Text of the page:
Evaluating Double Integrals

1. Oct 17, 2014

_N3WTON_

1. The problem statement, all variables and given/known data
Evaluate the following double integral:
$V = \int\int \frac{3y}{6x^{5}+1} \,dA$
$D = [(x,y) \hspace{1 mm}|\hspace{1 mm} 0<=x<=1 \hspace{5 mm} 0<=y<=x^2]$

2. Relevant equations

3. The attempt at a solution
$V = \int_{0}^{1} \int_{0}^{x^2} \frac{3y}{6x^{5}+1}\,dy\,dx$
$= \frac{1}{2}\int_{0}^{1}\int_{0}^{x^2}\frac{y}{x^{5}+1}\,dy\,dx$
$= \frac{1}{2}\int_{0}^{1}\int_{0}^{x^2}\frac{y^2}{2x^{5}+1}\,dx$
$= \frac{1}{2}\int_{0}^{1}\frac{x^{4}}{2x^{5}+1}\,dx$
$= \frac{1}{4}\int_{0}^{1}\frac{x^{4}}{x^{5}+1}\,dx$
To integrate, I made the following substitution:
$u=x^{5}+1$
$du=5x^4$
Therefore, the new limits for integration are:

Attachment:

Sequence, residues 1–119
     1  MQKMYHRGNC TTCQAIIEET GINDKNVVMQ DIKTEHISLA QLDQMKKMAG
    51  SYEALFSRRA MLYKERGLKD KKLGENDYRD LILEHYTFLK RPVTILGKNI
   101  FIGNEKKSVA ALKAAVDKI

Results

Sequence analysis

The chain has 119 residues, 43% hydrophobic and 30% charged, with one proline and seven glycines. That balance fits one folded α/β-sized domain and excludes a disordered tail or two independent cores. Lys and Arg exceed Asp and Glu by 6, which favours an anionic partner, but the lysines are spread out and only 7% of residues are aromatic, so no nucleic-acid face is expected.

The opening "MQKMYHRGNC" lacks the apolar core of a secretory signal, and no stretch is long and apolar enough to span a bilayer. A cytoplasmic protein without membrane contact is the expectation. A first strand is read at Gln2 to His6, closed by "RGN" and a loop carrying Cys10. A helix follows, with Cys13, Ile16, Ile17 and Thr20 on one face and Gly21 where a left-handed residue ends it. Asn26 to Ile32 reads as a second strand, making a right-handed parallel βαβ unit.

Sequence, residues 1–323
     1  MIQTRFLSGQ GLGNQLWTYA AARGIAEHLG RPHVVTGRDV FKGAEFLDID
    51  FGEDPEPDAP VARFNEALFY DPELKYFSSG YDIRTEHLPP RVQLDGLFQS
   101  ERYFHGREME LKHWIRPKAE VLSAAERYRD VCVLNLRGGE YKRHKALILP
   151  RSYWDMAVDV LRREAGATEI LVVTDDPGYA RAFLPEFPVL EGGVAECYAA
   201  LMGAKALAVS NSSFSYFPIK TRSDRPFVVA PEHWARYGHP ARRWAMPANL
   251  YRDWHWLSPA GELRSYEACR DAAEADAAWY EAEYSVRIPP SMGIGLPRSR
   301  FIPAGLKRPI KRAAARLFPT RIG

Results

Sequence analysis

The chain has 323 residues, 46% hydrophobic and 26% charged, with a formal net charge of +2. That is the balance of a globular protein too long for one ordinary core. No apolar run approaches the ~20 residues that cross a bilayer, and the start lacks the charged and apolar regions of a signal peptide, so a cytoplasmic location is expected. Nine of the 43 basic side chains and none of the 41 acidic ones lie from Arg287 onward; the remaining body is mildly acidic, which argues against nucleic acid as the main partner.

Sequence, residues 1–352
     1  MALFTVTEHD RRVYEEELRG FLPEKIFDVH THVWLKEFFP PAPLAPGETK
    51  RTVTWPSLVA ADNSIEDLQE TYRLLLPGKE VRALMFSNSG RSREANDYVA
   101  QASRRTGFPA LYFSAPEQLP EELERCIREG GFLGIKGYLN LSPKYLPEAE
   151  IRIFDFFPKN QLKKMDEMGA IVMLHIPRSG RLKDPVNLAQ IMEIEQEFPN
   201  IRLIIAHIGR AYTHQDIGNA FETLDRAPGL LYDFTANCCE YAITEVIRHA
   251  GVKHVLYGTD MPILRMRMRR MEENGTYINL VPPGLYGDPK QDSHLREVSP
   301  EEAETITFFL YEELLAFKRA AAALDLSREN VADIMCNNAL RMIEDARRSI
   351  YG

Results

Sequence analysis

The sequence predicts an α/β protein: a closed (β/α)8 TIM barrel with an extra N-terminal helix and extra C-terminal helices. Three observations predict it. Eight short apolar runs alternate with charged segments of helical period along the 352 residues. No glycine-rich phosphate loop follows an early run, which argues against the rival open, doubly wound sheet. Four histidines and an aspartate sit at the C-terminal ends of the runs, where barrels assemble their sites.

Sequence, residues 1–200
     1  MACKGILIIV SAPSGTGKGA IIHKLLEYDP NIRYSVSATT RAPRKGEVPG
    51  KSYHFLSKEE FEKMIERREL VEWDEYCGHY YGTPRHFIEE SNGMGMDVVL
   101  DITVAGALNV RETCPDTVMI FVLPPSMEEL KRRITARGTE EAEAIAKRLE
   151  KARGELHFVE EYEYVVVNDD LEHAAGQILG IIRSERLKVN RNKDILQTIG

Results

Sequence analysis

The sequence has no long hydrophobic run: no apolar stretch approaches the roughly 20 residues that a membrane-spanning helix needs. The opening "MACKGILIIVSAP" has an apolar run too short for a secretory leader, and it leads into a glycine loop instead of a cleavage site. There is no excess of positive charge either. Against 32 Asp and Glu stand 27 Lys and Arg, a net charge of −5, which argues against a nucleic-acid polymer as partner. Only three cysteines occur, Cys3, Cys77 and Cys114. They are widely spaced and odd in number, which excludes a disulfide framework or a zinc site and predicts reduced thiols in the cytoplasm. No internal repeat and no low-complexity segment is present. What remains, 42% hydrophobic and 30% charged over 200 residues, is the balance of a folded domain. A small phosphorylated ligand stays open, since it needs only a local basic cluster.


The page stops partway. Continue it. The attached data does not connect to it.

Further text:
$u=1$
$u=2$
$= \frac{1}{20}\int_{1}^{2}\frac{du}{u}$
$= \frac{1}{20}[lnu]$
$= \frac{1}{20}[ln2-ln1]$
This is my final (incorrect) answer:
$\frac{ln2}{20}$
Obviously, I am making a mistake somewhere, but I can't see where so I thought a second (or third) set of eyes may help :) Thanks

Last edited: Oct 17, 2014
2. Oct 17, 2014

RUber

6x5-1 is not 6(x5-1)

3. Oct 17, 2014

SteamKing

Staff Emeritus
You need to learn how to use parentheses so that your algebra is correct:

$\frac{y^2}{2x^{5}+1}$ should be $\frac{y^2}{2(x^{5}+1)}$ after you integrate

4. Oct 17, 2014

_N3WTON_

ok, so then the answer will turn out to be:
$\frac{ln7}{20}$
no?
thanks for the help :)

5. Oct 17, 2014

_N3WTON_

Sorry I always forget to show my solution:
$V = \int_{0}^{1} \frac{3}{6x^{5}+1}\frac{y^2}{2}\,dx$
$= \frac{3}{2}\int_{0}^{1}\frac{x^4}{6x^{5}+1}\,dx$
$u = 6x^{5}+1 \hspace{5 mm} du = 30x^4$
${when} \hspace{3 mm}x=0, \hspace{3 mm} u = 1$
${when}\hspace{3 mm} x=1, \hspace{3 mm} u = 7$
$= \frac{1}{20}\int_{1}^{7}\frac{du}{u}$
$= \frac{ln(7)}{20}$

6. Oct 17, 2014

Dick

Seems ok to me.

7. Oct 17, 2014

_N3WTON_

thank you

8. Oct 18, 2014

HallsofIvy

Staff Emeritus
Your final answer is correct but $du= 30x^4 dx$ so $(1/30)du= x^4 dx$